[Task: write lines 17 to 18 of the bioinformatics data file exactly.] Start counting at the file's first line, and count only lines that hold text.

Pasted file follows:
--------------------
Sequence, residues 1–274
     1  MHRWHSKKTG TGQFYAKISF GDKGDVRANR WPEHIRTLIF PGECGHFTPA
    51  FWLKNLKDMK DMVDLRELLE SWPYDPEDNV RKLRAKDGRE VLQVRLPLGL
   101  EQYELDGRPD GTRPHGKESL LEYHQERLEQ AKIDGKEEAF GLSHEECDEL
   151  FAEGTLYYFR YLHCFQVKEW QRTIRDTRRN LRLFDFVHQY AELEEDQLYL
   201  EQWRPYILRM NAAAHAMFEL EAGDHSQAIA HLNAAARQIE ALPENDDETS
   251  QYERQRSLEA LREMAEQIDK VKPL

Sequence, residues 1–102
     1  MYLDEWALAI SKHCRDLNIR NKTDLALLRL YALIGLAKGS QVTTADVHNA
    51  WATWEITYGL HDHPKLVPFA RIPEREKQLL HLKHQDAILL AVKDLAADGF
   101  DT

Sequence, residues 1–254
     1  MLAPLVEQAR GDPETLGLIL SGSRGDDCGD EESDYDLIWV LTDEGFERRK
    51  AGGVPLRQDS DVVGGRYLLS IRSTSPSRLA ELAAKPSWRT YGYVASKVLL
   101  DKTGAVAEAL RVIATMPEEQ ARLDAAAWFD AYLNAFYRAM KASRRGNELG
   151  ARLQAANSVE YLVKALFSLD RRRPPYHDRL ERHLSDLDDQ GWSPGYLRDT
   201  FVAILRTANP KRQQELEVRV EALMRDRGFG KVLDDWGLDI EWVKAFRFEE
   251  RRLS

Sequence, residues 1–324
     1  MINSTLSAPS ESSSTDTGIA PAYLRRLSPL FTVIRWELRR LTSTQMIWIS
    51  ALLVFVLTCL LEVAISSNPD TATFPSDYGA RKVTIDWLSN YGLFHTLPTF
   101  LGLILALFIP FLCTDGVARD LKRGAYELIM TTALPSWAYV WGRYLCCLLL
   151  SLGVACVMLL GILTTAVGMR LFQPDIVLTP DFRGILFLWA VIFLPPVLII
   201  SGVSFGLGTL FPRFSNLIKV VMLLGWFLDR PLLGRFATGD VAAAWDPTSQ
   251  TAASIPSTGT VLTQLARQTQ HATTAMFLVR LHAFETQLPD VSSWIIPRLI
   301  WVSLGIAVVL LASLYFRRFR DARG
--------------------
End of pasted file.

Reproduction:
   201  FVAILRTANP KRQQELEVRV EALMRDRGFG KVLDDWGLDI EWVKAFRFEE
   251  RRLS